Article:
CENTER — The Boys and Girls Club in Center offers those attending Center Schools just across the street a place to “hang out” and engage in after-school activities until parents or guardians return home from work.
About 25 Center students are served each day by the club.
Acting director Lawrence Trujillo said Monday that some students just stand out from the rest at the club, and he would like to recognize them for their leadership abilities. This month’s student is Edward (Eddie) Ramirez.
Edward is a fifth grader in Ms. Bishop’s class at Haskin Elementary School. “Playing the hockey table and running around, playing chase” are his favorite activities at the club. In school, Edward says his favorite subject is science.
He also helps watch younger brother at the club, but commented with a wave of the hand, “He only listens to me about 50-50.” At the Boys and Girls Club, Edward said, he can “have fun” and gets help with his homework.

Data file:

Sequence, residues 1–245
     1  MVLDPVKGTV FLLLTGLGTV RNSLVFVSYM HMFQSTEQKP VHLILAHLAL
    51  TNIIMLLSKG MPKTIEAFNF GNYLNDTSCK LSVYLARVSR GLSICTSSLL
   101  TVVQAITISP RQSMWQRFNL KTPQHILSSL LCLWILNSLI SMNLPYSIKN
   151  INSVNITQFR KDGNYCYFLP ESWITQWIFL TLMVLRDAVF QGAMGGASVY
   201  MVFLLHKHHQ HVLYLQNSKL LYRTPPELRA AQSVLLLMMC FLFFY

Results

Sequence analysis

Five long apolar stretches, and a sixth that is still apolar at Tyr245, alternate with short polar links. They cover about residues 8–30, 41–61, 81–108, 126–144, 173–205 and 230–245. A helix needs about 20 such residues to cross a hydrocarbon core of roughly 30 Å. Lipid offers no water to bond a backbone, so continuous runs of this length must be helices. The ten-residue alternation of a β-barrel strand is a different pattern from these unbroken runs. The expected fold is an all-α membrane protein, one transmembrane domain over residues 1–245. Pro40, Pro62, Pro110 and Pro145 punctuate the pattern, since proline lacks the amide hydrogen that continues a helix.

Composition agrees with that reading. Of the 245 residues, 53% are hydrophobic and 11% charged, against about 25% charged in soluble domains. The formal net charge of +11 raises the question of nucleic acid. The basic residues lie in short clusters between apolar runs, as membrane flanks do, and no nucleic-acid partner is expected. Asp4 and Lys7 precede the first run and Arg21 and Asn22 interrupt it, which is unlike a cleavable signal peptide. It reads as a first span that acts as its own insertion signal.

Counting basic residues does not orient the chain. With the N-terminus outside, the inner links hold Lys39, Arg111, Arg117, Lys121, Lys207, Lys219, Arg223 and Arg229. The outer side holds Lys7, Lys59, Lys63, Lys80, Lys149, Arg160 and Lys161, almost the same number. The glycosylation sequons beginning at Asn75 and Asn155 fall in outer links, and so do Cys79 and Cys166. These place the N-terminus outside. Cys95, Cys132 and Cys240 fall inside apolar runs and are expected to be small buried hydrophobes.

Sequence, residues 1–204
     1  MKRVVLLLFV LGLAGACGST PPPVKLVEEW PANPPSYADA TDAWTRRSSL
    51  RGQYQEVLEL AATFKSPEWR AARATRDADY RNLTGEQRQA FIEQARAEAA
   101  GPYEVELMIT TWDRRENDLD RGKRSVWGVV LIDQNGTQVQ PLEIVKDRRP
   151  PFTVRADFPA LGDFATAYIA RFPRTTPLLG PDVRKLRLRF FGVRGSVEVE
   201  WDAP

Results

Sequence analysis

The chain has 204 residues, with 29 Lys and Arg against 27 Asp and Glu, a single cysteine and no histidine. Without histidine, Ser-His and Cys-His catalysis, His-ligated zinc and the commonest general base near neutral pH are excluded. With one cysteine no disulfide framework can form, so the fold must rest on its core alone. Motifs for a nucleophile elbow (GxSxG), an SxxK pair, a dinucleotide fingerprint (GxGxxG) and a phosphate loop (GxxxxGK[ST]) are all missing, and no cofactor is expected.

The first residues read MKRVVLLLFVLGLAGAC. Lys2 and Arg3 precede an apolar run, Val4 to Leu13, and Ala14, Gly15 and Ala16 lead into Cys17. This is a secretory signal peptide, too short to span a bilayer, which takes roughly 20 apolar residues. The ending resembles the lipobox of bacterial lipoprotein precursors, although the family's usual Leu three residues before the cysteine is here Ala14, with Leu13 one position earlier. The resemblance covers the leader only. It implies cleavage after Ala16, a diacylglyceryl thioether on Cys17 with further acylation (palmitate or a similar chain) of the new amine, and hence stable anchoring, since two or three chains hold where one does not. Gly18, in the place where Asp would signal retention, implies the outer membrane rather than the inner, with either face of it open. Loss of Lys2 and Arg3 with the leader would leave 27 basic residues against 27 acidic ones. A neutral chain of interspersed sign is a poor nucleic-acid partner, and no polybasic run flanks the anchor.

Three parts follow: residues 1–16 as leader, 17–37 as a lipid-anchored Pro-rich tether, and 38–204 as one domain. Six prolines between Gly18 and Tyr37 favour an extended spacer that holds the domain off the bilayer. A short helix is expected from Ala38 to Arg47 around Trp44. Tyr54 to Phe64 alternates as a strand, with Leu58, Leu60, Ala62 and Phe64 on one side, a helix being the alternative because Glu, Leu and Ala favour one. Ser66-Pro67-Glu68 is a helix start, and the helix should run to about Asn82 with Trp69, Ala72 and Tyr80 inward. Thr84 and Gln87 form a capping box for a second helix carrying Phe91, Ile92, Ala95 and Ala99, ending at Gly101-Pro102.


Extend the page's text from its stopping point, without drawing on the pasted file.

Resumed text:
A bright smile and outgoing manner, Trujillo agrees, is what attracts people to Edward. “But I’ve been noticing a sharp increase in his leadership skills lately,” Trujillo said. “He has a strong personality and the kids follow him.”
Edward is always involved in whatever is going on at the club, Trujillo added and never misses attending.
Summer activities, background
Trujillo is busy organizing summer activities with the Boys and Girls Club in Alamosa and hopes to receive the summer schedule soon. The club will hold its regular camp and also plans to hold events at Center’s Community Park.
“I want to get family members and the community involved,” he said.
The Boys and Girls Club was founded in 1906 and currently operates 4,000 chartered clubs serving four million children. The Alamosa Boys and Girls Club has over 90 members.
The clubs offer a safe, positive, fun environment with educational things for kids to do, club literature states. A well-trained staff supervises homework help and extracurricular activities.
Studies show members who come to the clubs two or more days a week are more likely to graduate from high school, and children who attend are less likely to become involved in petty crimes.